August 30, 2018 / 2:09 AM / 3 months ago

Australia business investment slips but firms upgrade outlooks

* Q2 capex down 2.5 pct vs +0.6 pct consensus

* Plant/machinery capex eases, likely drag on GDP

* Spending outlook for the year ahead revised higher

* July building approvals skid 5.2 pct vs 6.8 pct rise in June

SYDNEY, Aug 30 (Reuters) - Australian business investment surprisingly fell in the latest quarter as miners spent less on buildings, data showed on Thursday, but firms upgraded their spending outlooks for the coming year in a positive sign for the economy.

Investment slipped a seasonally adjusted 2.5 percent in the June quarter to an inflation-adjusted A$29.1 billion ($21.2 billion), the data from the Australian Bureau of Statistics showed.

That confounded forecasts of a 0.6 percent gain, while investment in the previous quarter was revised sharply higher to show an increase of 1.2 percent.

Spending on equipment, plant and machinery fell 0.9 percent and will prove a small drag on economic growth in the second quarter.

The data knocked the Australian dollar about a quarter of a U.S. cent lower to $0.7283.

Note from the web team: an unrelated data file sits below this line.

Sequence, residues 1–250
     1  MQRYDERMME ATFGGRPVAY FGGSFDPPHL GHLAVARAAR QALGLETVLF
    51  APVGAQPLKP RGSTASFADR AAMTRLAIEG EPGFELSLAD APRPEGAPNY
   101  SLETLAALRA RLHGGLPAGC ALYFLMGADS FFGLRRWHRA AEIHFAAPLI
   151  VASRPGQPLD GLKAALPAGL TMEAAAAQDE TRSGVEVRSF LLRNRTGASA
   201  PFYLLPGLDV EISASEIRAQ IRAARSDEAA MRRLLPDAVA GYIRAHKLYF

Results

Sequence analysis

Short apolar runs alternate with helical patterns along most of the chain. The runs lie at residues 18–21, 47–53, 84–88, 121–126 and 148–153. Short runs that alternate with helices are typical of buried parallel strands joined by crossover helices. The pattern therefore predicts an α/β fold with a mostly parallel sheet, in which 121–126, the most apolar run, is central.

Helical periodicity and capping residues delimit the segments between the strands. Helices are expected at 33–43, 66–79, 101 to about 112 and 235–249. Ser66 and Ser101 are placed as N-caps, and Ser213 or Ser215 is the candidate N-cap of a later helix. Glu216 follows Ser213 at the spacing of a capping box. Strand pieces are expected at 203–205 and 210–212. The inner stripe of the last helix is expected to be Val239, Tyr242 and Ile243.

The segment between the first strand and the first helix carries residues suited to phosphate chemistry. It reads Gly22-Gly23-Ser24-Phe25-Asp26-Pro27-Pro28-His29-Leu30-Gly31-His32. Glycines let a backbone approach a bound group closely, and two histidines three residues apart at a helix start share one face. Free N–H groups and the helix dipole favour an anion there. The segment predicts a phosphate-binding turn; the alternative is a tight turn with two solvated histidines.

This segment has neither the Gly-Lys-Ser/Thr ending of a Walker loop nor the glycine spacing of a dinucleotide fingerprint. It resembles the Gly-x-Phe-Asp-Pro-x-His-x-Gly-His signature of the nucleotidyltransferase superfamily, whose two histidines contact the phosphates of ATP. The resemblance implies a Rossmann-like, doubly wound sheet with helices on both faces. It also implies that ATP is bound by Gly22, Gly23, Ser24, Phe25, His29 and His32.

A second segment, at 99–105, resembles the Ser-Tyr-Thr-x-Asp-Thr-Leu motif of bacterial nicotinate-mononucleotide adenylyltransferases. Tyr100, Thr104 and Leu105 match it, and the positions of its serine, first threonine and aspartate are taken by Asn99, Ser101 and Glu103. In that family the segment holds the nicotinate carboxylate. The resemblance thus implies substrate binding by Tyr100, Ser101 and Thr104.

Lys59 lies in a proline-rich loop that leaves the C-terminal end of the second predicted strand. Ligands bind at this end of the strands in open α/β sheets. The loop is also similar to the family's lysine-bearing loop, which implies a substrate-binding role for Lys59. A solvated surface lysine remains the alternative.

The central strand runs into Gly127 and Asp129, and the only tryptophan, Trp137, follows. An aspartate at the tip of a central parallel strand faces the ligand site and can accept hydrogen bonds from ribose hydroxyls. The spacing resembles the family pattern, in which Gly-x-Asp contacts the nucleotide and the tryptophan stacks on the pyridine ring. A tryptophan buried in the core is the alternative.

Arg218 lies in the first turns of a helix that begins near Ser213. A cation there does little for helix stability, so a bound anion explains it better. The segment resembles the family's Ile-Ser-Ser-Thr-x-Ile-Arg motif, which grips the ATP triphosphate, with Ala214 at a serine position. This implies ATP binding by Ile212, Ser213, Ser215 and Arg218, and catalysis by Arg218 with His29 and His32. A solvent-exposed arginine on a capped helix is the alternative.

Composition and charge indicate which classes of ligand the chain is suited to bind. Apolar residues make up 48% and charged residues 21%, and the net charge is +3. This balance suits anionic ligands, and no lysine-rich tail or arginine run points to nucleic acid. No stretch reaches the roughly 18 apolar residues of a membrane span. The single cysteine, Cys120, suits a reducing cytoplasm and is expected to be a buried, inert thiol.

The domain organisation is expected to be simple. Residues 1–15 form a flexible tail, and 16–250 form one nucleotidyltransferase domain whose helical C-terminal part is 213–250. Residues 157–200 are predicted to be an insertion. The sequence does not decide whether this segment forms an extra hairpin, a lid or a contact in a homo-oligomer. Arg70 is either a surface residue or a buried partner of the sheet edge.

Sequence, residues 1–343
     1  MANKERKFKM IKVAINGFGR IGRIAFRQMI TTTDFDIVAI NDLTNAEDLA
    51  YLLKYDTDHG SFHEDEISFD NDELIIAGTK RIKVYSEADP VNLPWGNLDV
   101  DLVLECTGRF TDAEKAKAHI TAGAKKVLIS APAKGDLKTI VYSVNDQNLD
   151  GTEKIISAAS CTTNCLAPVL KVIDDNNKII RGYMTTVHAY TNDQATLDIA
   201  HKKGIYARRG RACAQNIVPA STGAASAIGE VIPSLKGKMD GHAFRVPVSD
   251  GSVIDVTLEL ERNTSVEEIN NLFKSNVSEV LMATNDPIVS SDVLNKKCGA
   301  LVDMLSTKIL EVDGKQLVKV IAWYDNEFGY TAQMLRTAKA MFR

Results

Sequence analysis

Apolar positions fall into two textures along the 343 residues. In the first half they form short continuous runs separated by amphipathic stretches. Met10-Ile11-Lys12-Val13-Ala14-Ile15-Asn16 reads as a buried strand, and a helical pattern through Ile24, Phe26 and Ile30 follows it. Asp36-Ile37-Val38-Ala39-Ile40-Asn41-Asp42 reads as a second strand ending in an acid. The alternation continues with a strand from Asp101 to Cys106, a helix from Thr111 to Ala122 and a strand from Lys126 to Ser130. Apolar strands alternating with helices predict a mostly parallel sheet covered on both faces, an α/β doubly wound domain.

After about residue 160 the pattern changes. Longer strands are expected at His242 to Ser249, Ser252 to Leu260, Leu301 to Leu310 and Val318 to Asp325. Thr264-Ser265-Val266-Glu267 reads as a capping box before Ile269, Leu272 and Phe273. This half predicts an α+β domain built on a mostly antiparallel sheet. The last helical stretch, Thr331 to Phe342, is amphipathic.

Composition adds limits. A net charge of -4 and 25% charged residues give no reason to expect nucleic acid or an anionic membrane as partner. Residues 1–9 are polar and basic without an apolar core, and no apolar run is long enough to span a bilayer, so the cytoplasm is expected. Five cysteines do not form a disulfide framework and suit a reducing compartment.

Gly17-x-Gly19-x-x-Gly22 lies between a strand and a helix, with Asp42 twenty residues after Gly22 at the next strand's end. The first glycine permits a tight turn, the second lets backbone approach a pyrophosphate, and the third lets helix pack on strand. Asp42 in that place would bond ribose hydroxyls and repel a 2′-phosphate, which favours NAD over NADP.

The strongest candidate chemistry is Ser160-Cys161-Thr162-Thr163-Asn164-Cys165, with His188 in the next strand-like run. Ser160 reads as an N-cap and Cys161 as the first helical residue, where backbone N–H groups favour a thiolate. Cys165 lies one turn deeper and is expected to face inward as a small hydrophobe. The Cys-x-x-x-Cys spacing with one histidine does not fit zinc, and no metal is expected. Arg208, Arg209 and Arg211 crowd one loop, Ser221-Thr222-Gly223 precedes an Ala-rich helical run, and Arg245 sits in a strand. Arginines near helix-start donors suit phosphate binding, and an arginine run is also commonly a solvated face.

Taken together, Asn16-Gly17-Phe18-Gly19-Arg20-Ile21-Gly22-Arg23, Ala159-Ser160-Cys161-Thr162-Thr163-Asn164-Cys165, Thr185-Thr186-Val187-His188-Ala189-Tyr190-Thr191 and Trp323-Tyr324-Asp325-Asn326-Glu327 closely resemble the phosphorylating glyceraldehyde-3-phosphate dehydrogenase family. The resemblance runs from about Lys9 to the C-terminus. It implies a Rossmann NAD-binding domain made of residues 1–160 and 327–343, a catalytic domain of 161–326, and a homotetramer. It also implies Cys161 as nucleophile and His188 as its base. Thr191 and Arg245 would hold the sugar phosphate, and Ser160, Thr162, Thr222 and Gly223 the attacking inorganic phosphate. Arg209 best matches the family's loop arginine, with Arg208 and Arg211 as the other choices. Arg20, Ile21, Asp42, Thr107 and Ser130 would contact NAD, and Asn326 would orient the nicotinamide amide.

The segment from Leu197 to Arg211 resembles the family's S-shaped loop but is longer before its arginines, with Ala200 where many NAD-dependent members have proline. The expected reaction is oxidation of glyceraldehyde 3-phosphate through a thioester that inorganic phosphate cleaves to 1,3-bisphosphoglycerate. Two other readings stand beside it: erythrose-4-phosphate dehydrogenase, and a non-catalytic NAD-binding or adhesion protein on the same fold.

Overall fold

Figures due next week are likely to show Australia’s A$1.8 trillion gross domestic product (GDP) expanded by anywhere from 0.6 percent to 1.0 percent in the quarter.

The outlook for the period ahead was positive, though, as firms revised up their spending plans for the financial year to June 2019.

The latest estimate for 2018/19 came in at A$102 billion, almost in line with analysts’ expectations of around A$100 billion.

The Reserve Bank of Australia has been optimistic on investment thanks in large part to booming public spending on infrastructure, where the pipeline of work is at its highest level as a share of GDP in several decades.

Mining investment also looked to have steadied after several years of steep decline and other industries were finally taking up the slack.

Commercial property has also been undergoing a renaissance, with tourism and student accommodation particularly strong, thanks to a big influx of Chinese visitors.

Home building has been another source of strength, with data out last week showing a surprising jump in construction work in the June quarter on top of a very upbeat first quarter.

Figures out on Thursday showed approvals to build new homes skidded 5.2 percent in July but that followed an upwardly revised 6.8 percent rise in June and the trend remains robust by historical standards. ($1 = 1.3729 Australian dollars) (Reporting by Wayne Cole and Swati Pandey)

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